Thursday, 24 June 2021

Alex C. Eisenberg : part four

How do you know when a poem is finished?

I definitely subscribe to the idea that “a work is never completed, only abandoned” (the source of that quote is oft debated, but I go with Paul Valéry since he said it in the 1930s). It’s actually a daunting thought because it means every time I create a new poem I have another “child” to attend to... or to abandon. If that’s true then I have hundreds and hundred of abandoned/untended children waiting in a folder on my computer (I hope that doesn’t sound bad). Some days I feel inspired to go in and try to rescue one or more of them from the well of digital obscurity. This rescue mission happens most often when a call for submissions or another poem I read reminds me of something I’ve written and inspires me to track it down and infuse it with new life.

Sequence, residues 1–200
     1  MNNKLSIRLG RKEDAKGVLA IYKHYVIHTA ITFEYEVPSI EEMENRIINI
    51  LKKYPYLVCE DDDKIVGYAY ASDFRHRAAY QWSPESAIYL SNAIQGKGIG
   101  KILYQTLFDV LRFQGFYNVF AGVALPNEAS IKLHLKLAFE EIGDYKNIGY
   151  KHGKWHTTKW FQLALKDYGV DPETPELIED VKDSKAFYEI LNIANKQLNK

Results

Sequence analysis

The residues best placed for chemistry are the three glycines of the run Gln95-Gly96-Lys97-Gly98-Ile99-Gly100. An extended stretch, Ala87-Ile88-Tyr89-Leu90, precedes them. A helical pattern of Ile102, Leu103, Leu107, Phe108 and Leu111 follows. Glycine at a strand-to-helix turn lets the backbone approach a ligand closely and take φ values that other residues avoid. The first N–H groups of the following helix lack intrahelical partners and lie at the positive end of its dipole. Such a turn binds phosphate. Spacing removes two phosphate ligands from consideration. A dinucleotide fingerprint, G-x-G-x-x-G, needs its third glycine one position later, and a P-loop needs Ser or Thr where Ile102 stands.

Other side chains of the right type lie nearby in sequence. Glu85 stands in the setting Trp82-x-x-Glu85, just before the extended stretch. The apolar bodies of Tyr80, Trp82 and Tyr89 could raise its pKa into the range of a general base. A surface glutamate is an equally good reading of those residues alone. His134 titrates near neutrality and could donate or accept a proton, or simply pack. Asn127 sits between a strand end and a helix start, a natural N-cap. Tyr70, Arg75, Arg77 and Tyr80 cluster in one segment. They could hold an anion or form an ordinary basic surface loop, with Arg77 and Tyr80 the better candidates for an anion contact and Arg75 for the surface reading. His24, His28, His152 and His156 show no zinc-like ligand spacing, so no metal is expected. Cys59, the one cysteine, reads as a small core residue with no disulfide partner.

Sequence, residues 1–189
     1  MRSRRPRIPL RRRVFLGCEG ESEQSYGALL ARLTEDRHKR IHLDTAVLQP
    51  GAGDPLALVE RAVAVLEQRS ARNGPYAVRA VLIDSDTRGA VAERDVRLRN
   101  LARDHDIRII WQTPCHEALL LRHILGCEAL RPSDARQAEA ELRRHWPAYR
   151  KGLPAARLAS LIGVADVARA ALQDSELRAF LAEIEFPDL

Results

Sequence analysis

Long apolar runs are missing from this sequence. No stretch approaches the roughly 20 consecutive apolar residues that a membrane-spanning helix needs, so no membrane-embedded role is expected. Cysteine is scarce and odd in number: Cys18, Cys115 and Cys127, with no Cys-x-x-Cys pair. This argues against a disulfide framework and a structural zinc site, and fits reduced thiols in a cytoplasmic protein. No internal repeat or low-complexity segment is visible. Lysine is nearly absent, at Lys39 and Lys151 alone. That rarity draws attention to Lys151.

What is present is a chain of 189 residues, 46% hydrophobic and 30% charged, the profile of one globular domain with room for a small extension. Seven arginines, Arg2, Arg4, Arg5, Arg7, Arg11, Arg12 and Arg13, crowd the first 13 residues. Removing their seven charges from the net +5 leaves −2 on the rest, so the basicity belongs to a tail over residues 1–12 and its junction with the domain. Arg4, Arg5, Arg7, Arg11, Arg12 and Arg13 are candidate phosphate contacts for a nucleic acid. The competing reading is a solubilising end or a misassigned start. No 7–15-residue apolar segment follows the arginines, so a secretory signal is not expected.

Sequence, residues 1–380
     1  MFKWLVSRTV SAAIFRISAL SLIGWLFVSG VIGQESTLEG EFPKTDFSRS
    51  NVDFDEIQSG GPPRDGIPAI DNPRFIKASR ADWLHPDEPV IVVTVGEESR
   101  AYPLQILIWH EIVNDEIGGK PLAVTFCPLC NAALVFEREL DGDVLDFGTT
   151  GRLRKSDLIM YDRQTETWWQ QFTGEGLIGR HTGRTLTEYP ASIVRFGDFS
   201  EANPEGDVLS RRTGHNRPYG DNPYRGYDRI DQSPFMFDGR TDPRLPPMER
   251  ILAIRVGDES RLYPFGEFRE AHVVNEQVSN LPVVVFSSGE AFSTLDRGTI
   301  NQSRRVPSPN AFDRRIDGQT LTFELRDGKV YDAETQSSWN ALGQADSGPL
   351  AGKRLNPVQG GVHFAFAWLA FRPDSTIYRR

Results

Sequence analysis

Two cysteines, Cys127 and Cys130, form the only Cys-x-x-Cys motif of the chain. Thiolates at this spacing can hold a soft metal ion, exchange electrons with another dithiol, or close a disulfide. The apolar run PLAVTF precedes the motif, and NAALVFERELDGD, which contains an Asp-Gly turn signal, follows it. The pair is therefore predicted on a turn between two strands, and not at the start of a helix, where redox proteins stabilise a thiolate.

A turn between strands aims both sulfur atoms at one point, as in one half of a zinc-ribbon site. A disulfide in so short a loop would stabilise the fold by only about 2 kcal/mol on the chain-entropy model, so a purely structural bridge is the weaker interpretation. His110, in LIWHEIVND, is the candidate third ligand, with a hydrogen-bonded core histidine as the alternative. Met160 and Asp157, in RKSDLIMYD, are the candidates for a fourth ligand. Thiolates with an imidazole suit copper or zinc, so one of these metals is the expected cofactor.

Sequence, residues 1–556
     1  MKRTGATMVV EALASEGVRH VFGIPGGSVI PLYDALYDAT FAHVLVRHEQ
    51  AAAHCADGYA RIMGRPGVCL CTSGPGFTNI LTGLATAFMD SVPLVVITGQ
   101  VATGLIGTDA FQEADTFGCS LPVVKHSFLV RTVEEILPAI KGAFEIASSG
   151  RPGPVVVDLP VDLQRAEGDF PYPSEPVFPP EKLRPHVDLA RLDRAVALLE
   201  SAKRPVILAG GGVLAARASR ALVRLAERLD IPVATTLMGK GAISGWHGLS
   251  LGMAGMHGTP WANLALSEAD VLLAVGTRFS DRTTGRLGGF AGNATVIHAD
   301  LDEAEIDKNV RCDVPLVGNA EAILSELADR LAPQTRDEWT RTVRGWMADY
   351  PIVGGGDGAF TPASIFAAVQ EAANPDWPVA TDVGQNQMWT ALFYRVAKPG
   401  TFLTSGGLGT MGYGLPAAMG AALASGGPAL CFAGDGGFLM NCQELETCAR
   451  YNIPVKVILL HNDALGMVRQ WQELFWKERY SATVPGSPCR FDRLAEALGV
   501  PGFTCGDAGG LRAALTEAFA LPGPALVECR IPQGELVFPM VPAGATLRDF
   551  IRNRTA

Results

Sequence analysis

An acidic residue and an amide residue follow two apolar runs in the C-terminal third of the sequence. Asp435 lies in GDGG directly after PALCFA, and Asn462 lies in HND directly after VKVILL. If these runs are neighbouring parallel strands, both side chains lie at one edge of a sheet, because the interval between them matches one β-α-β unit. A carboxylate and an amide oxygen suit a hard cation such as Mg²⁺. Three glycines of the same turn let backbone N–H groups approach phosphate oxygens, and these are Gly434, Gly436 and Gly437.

The submission process has actually been the biggest motivator for me in reclaiming a poem and ushering it to its next stage of life. Hmm, I had never though of poems going through rites of passage before, but that’s kinda what I’m saying. And the process of “submitting,” like a rite of passage, is really a process of surrender for me. Especially when a poem gets picked up to be published I generally find some respite from the “a poem is never complete” idea, because the has to be complete (enough) at that point. The work has reached one stage of completion – at least to the extent that it has resonated with at another person or people, enough that they want to share it too. And once it gets distributed it is beyond my grasp to fiddle with or fuss over anymore – I have to set it down then, surrender, let it be …at least for a little while, until I want give that poem some more life again. 

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